# Definite integral with square on bottom

## Homework Statement

$\int_{1/2}^{\sqrt{3}/2}\frac{6}{\sqrt{1-t^2}}dt$

## The Attempt at a Solution

Ok, this is an odd problem I'm working from the book. The book says the answer is $\pi$.

First I tried getting rid of the fraction:

$\frac{6}{\sqrt{1-t^2}}dt$ = $\frac{6}{(1-t^{2})^{1/2}}$ = $6(1-t^{2})^{-1/2}$

I think I may be getting this next step wrong, but next, I did this:

= $6(1^{1/2}-t^{3/2})$ = $6^{1/2}-6t^{3/2}$

Which I integrated to:

$6t^{1/2} - \frac{12}{5}t^{5/2}$

I can't seem to plug in my numbers and get $\pi$ though.

Where did I mess up so far?

Thanks for taking the time to read through my poor attempt at solving this.

I think I may be getting this next step wrong, but next, I did this:

= $6(1^{1/2}-t^{3/2})$ = $6^{1/2}-6t^{3/2}$

This step is wrong. I can't even see what you did there. Basically, you cannot get rid of the square root by splitting it over a sum, something like that is not allowed.

Try to do a trigonometric substitution. A subsitution like t=sin(u)

$6(1-t^{2})^{-1/2}$

I tried to take the -1/2 exponent and add it to the 1-t^2 which gave me this:

= $6(1^{1/2}-t^{3/2})$ = $6^{1/2}-6t^{3/2}$

I figured I was doing it wrong, but my problem is that I'm not quite sure how to integrate $6(1-t^{2})^{-1/2}$

I'm not really sure how to change it into another form either.

This step is wrong. I can't even see what you did there. Basically, you cannot get rid of the square root by splitting it over a sum, something like that is not allowed.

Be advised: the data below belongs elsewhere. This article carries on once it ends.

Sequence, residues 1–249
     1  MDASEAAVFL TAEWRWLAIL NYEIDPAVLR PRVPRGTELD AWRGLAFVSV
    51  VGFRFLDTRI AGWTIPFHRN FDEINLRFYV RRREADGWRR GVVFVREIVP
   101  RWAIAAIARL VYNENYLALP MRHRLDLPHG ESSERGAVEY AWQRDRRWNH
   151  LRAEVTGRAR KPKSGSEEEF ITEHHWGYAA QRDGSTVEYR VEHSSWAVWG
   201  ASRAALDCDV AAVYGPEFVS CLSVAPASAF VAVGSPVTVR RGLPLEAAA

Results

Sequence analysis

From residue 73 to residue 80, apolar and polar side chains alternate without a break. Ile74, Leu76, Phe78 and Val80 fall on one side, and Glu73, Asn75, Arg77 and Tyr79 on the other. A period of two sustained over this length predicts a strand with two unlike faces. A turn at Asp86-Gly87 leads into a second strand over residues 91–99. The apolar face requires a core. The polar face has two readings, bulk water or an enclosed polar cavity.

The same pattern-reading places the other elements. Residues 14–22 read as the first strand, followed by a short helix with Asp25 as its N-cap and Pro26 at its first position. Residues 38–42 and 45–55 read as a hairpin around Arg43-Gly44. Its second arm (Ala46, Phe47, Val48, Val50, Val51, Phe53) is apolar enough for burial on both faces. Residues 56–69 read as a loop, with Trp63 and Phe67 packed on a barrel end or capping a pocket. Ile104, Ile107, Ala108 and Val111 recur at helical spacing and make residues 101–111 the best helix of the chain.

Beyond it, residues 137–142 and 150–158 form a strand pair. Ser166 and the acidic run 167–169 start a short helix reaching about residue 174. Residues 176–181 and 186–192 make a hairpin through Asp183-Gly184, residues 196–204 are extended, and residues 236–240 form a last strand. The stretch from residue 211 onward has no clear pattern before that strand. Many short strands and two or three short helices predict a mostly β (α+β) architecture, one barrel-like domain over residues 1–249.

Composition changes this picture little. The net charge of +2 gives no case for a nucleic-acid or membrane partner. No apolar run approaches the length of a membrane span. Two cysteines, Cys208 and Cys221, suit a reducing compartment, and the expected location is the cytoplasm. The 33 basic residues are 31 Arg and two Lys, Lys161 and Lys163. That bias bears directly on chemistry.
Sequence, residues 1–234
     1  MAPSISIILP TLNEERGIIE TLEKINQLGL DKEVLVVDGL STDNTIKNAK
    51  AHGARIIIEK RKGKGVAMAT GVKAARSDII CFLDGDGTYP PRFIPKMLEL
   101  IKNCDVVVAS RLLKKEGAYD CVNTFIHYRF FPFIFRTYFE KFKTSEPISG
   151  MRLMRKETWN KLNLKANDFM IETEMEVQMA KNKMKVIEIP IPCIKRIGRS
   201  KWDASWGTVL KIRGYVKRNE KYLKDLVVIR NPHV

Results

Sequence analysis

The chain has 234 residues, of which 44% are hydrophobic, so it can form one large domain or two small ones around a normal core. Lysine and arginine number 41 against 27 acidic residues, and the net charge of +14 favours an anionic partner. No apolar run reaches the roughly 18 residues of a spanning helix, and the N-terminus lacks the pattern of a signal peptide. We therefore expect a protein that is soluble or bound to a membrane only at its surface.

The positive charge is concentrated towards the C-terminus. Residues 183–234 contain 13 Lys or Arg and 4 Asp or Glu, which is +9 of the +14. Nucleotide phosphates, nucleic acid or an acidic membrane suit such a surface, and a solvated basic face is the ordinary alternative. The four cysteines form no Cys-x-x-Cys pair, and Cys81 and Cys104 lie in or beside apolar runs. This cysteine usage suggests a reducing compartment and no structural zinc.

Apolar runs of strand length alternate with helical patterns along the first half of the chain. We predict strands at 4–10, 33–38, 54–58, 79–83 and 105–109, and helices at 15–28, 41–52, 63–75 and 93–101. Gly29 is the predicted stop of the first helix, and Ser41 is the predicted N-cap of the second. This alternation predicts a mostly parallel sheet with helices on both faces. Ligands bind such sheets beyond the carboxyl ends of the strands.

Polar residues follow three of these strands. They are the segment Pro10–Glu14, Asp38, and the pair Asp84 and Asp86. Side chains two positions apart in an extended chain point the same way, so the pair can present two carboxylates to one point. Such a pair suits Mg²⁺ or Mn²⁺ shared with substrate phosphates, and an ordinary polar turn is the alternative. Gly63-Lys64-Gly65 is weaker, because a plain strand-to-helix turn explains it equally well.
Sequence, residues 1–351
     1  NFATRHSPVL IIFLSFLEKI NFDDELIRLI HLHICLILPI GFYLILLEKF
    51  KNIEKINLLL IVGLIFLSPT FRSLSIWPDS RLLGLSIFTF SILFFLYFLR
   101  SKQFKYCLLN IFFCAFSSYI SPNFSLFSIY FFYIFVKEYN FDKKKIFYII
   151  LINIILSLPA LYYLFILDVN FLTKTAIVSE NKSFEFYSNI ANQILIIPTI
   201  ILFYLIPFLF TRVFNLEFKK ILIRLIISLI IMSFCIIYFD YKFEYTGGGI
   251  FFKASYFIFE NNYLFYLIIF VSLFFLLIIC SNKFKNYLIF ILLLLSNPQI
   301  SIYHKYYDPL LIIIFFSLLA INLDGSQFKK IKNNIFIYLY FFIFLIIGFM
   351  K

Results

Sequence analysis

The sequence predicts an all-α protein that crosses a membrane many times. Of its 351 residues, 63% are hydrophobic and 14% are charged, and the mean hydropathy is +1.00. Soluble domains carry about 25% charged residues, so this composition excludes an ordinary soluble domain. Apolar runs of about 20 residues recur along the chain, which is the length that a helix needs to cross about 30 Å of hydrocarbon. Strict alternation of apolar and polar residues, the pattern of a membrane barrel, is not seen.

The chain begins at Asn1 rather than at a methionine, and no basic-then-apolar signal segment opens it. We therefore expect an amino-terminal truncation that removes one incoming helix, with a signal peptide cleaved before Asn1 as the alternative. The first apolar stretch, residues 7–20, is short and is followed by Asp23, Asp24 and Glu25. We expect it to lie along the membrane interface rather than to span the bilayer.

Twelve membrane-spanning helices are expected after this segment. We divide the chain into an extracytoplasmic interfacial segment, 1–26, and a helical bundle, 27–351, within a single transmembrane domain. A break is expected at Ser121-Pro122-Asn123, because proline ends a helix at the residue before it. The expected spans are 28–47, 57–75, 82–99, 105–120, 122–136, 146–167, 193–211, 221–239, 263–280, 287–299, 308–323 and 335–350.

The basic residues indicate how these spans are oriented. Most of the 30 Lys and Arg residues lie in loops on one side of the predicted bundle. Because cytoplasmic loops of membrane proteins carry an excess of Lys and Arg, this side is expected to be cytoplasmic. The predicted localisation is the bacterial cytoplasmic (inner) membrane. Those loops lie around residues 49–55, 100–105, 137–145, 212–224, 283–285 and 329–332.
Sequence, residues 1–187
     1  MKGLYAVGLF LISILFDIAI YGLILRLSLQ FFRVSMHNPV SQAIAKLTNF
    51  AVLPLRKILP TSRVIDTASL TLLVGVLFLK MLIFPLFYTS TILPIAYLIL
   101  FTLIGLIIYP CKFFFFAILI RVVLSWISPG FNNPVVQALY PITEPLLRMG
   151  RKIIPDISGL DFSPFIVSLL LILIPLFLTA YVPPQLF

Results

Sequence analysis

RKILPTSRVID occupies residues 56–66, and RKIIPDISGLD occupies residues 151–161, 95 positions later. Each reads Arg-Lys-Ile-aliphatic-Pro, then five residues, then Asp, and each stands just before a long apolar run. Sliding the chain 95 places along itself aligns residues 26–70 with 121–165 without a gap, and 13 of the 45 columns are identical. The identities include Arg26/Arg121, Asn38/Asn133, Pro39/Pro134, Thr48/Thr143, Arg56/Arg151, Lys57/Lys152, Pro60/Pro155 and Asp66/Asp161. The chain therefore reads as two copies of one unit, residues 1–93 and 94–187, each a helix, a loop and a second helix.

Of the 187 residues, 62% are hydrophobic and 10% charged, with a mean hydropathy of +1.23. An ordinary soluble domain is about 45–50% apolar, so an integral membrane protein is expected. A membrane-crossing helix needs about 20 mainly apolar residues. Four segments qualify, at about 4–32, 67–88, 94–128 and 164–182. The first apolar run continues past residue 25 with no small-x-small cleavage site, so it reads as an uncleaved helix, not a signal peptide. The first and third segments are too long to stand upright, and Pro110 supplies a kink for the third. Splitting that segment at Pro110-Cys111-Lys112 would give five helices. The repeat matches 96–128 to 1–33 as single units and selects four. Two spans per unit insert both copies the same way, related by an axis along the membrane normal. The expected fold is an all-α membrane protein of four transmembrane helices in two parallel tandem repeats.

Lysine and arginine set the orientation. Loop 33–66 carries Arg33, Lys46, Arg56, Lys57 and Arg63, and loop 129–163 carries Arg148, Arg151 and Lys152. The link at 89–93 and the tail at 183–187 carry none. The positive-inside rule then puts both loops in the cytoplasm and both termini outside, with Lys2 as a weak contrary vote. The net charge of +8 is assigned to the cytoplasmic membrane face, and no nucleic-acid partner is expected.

Try to do a trigonometric substitution. A subsitution like t=sin(u)

I'm not sure I understand how substituting in sin would help.

I'm not sure I understand how substituting in sin would help.

It would get rid of the square root...

What happens if you substitute in sin(u)??

factor out the 6, then the integral become arcsin(t)

I don't think we have covered anything on arcsin yet. I'm only in Calculus 2. If I should know that at this level, I guess one of my teachers let me down.

Well I had AP Calculus last year and we covered that, but I'm in Calculus 2 this year and we haven't gotten that far yet in class but it'll come up later. Same thing with trig substitutions as someone previously stated.

SammyS
Staff Emeritus
Homework Helper
Gold Member

Do as micromass suggested. Let t=sin(u) , then dt = cos(u) du .

Yes, that's equivalent to letting u = arcsin(t), but you won't need that fact until plugging-in the limits of integration, and at that point it should pose no problem.

BTW, 1 - sin2(θ) = cos2(θ) .

Nope. We haven't had substitutions yet either. It looks like that is the next chapter we will cover if we stick to the order of the book.

Nope. We haven't had substitutions yet either. It looks like that is the next chapter we will cover if we stick to the order of the book.

OK, so you can't use substitution??

Well, do you have a list of standard integrals, then??

After looking through the book, I found a table of integrals that has the inverse sin function. I don't seem to have the inverse ones in my notes. I don't know how I missed that. I got it figured out now. Thanks for the help.